A Pollution Solution: Turning CO2 Green
Through ingenuity and engineering, carbon emissions in Alberta are being transformed from a wasted resource into useful products. But can it be done at a commercial scale?
That’s the question engineer-in-training Peter Zhou is hoping to answer through his work at CUT—Carbon Upcycling Technologies—a Calgary-based clean-technology company and one of the top 10 finalists for the $20 million US Carbon XPRIZE.
CUT has been busy developing innovative technology that converts CO2 into solid nanoparticles—fine, organic materials that can be added to plastics, protective coatings, concrete, asphalt, batteries, and other consumer products to make them stronger and more efficient.
“It allows us to take the pollution of today and transform it into the materials of tomorrow,” explains Zhou, a special project manager with CUT. “It will deliver value for years to come.”
But converting carbon into green goods isn’t the only benefit of the technology—it’s also helping reduce the amount of emissions entering the atmosphere. CUT’s technology sequesters between 50 to 150 kilograms of CO2 per tonne of product.
For the past couple of years, CUT has been refining its approach at the Alberta Carbon Conversion Technology Centre, a CO2 capture–and–conversion demonstration site owned and operated by InnoTech Alberta.
The centre, located in southeast Calgary, is next to the Shepard Energy Centre, which supplies the carbon emissions used by CUT for its testing.
Carbon Upcycling Technologie’s one metric tonne per day reactor skid-mounted at the Alberta Carbon Conversion Technology Centre.
Four other Carbon XPRIZE finalists are also working out of the centre on CO2 conversion projects. The winner will be announced in the fall of 2020.
“The competition is about demonstrating scale, which is critical as we try to address the challenge of global warming,” remarks Zhou.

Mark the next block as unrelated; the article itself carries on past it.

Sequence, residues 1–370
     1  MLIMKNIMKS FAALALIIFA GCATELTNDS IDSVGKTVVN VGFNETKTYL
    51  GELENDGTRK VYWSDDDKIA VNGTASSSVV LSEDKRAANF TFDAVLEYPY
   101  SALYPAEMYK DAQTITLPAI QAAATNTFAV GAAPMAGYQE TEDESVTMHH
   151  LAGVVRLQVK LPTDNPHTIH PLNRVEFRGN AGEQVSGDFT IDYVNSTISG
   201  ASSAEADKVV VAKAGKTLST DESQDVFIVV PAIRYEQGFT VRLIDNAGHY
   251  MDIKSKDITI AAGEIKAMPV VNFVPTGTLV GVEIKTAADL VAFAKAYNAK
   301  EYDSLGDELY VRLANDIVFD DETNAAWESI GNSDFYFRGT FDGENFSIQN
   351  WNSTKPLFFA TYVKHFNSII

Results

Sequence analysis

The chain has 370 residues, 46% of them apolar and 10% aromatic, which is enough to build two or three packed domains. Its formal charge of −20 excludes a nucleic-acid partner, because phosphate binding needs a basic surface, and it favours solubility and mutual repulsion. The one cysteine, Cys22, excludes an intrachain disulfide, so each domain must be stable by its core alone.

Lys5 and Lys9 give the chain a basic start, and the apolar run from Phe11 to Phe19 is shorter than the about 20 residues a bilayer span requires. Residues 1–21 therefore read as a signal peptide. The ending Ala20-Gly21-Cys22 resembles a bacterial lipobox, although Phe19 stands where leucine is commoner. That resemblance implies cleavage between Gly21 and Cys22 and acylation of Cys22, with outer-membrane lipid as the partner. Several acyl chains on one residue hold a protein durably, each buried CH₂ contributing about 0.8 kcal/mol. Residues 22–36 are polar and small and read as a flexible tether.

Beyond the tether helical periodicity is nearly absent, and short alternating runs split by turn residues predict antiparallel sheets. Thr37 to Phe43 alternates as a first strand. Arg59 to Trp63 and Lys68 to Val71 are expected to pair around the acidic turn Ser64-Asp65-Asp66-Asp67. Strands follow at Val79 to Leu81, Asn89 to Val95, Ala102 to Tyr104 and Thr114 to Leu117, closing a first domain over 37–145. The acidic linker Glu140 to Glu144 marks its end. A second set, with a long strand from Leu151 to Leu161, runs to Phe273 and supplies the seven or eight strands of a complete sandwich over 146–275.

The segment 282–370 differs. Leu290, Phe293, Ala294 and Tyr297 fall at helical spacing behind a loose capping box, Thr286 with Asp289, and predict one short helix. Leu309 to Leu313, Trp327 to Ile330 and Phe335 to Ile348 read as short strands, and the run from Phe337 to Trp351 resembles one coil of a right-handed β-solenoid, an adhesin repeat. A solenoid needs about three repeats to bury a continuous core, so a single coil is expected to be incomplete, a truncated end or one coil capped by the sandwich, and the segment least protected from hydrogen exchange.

“We’re solving a business problem for someone and, at the same time, helping them offset their carbon intensity. It’s about solving the problem of climate change—which I call planet change—which systemically affects the Earth, not just in terms of rising global temperatures. It also affects food, water, and shelter.”
Zhou, 27, who was born in Harbin, in northeastern China and grew up in Calgary, earned a chemical engineering degree from the University of Calgary in 2016 and a master’s of chemical engineering from the University of Toronto in 2017.
In addition to his work with CUT, he’s also the co-founder of Green Mesa, a business aiding oil and gas companies to make more informed, sustainable decisions using cloud-based analytics to optimize their facilities.
While his career is only beginning, he’s eager to use his engineering skills and training to accelerate positive change for the future.
“I think there is a real opportunity to showcase to the world what remarkable things engineers can do,” adds Zhou. “It’s about working together to make the Earth a sustainable place for everyone.”
A CUT above
In 2017, after only two-and-a-half years in business, CUT became the youngest carbon–utilization company to generate commercial revenue. Already, CUT’s carbon–captured additives are being used in a variety of applications, including:
- civil infrastructure, such as corrosion–protection coatings used in manholes, septic systems, pump stations, sewer and wastewater systems, and grease–interceptor linings in restaurant kitchens
- consumer products, such as watches, pens, coasters, and yoga mats